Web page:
June 19, 2016

Season Tickets vs. StubHub? 2016 Report

It's almost the end of June. The NBA season is over tonight. The NBA Draft is Thursday and everyone's looking forward to the start of free agency. And free agency is all the diehard Wizards fan has had to look forward to for the last two plus months. Let's get this thing started and move on to the 2016-2017 season. But before I put last season to rest for good, it's time for my third annual secondary market ticket pricing report. Spoiler alert here: Wizards fans should feel less positive about their season ticket purchase last year than the prior two years. Success on the court and rising prices are the likely culprits here.

To refresh everyone's memory or to introduce newcomers to the concept, for the past three seasons I've tracked the price of Wizards tickets on the secondary market. I published my first set of results two years ago; last year I did the same thing. Since I realize there's only so much we can stand to read in our ADD world these days, let me summarize the results the last two years on a big picture level.

For an upper deck seat in the front of the center five sections of Verizon Center, buying Wizards season tickets represented a 25% savings over the secondary market during the 2013-2014 NBA season and a 46% savings one year later. For a lower level seat in the front of the center five sections of Verizon Center, buying Wizards season tickets in a corner section represented a 30% savings over the secondary market during the 2013-2014 NBA season and a 48% one year later. The cost savings increase was remarkable between the two seasons because the saving increased despite the Wizards deciding to raise prices for most seats in 2014.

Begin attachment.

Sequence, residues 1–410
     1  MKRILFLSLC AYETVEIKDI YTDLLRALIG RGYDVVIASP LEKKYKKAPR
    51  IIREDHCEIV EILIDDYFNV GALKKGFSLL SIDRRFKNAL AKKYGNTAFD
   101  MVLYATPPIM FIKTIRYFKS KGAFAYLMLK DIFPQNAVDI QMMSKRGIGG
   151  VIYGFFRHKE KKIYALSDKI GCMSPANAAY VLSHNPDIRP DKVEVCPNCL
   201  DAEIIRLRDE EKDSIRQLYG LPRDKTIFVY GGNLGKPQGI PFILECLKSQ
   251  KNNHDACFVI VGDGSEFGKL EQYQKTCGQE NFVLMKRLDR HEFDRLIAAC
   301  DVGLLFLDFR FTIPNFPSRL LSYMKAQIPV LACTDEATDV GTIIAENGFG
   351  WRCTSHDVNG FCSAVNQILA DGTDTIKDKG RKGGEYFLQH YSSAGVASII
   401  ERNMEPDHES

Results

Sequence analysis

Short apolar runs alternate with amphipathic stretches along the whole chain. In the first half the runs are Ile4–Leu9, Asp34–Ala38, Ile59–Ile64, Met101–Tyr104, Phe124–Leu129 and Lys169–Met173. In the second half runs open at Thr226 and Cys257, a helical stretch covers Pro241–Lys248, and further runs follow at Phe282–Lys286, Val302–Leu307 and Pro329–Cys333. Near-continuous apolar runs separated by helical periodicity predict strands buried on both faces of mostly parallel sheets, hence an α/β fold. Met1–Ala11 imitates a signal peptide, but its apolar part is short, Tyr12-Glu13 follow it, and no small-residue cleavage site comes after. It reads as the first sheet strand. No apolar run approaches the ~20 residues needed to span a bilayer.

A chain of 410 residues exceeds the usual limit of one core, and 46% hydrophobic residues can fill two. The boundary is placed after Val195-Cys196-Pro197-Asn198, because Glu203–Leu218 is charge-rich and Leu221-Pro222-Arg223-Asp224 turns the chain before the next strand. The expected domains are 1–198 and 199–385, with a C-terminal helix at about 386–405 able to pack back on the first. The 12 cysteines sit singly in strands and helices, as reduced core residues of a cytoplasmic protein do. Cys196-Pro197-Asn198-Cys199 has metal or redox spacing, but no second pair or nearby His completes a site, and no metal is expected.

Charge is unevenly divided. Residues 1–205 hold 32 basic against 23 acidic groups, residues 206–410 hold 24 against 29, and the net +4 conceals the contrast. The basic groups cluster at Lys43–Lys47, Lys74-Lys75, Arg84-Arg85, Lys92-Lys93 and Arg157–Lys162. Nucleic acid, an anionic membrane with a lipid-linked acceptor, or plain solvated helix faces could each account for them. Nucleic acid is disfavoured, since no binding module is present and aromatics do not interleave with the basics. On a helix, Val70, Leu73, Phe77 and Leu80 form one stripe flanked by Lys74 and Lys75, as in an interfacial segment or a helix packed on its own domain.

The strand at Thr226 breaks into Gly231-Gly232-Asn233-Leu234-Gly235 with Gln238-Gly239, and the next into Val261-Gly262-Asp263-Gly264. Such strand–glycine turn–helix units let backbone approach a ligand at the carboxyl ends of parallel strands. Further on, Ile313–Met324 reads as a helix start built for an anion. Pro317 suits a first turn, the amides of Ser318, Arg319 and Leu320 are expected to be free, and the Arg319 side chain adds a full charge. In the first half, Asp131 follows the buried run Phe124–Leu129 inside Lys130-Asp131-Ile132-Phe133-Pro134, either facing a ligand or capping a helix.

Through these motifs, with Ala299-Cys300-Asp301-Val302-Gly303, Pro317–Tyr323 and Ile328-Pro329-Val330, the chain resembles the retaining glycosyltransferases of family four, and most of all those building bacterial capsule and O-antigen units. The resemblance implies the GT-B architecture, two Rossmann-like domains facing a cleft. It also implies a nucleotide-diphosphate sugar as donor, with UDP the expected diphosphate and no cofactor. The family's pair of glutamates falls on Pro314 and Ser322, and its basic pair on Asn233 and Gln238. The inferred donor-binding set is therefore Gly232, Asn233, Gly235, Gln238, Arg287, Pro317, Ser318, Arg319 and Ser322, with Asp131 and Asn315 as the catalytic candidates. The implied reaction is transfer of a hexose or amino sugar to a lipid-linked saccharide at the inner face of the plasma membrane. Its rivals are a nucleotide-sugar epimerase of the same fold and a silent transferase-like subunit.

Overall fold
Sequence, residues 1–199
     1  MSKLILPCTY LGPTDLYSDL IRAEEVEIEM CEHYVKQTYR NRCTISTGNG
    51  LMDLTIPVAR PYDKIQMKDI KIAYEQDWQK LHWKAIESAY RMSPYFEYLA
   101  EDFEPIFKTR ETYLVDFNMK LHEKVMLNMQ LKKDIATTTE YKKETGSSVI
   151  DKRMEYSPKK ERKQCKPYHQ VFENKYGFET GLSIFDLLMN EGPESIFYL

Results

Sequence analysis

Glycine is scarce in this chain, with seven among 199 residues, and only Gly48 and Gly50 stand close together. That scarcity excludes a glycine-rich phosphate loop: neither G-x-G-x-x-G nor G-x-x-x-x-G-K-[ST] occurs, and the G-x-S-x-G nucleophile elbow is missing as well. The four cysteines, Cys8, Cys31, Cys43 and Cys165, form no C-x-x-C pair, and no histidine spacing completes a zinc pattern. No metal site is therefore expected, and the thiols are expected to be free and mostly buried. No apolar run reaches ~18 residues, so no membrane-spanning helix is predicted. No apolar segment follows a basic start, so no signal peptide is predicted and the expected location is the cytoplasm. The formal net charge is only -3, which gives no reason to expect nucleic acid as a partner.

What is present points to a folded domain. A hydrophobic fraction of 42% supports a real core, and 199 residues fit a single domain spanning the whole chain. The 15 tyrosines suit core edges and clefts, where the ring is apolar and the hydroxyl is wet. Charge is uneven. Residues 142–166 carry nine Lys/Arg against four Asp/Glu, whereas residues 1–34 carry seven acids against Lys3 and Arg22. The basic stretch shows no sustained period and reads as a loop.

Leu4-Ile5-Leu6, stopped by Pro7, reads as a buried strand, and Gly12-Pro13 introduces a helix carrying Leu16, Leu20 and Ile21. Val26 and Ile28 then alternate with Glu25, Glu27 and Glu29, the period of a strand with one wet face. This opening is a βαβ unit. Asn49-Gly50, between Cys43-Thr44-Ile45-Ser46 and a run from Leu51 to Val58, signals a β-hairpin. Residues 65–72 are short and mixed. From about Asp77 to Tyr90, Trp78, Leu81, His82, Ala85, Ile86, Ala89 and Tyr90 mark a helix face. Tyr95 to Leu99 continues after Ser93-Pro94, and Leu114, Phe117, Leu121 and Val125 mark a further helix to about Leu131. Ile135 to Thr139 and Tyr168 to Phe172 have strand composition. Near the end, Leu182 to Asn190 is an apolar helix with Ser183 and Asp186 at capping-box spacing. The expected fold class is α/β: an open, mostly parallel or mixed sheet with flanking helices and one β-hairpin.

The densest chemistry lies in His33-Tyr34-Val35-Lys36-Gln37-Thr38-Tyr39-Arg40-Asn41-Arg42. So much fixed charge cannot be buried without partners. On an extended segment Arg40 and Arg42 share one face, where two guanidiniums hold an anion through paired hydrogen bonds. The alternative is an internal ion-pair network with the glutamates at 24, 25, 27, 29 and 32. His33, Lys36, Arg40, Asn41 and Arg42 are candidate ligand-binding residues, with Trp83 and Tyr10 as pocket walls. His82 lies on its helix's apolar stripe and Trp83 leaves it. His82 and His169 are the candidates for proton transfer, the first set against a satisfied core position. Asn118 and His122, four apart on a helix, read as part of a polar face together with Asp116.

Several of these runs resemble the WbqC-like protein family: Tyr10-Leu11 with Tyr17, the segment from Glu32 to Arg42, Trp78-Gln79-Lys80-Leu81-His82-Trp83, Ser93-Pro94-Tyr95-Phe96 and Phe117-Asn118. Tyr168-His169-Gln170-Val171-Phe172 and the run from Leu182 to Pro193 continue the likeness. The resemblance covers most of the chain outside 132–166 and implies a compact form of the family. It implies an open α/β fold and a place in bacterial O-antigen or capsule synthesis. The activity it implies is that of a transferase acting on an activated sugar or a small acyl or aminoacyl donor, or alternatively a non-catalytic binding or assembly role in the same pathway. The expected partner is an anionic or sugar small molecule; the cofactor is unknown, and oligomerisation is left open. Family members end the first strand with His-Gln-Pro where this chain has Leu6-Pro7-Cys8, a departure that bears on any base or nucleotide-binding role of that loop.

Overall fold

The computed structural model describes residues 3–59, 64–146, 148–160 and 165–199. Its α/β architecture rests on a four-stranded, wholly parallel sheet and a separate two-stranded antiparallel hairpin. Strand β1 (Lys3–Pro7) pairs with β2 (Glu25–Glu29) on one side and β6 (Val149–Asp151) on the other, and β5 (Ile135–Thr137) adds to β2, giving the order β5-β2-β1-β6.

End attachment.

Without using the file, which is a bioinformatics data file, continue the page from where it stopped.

Got that? Good! Now before we get to last season's numbers,  perhaps a little perspective is in order. First, I changed the conditions of the experiment a little bit. The last two years I tracked pricing at two different points in time: once about a week ahead of gameday and once on the day of the game. I decided that the results yielded by that tracking provided me with no useful data so I abandoned it completely. I am doing this primarily to understand if I am getting the kind of value I need out of my season tickets; tracking pricing at two different points in time for every game didn't significantly change that evaluation for me.

Secondly, both StubHub and Ticketmaster this year provided total price information without having to move beyond the initial stadium screenshot (previously StubHub was the only one doing this). Because they did, I tracked pricing on both sites and can report that information for both the consumer and the seller here today.

Thirdly, just like in 2014, the Wizards again raised prices in 2015 (as they did this year too). For the comparison offered here (which are the specific seats I purchase) there was a 20% increase in lower level tickets and a 40% increase in upper level tickets. A 40% ticket price increase with no corresponding increase in secondary market prices might wipe out the savings promised by the team as part of their season ticket sales pitch.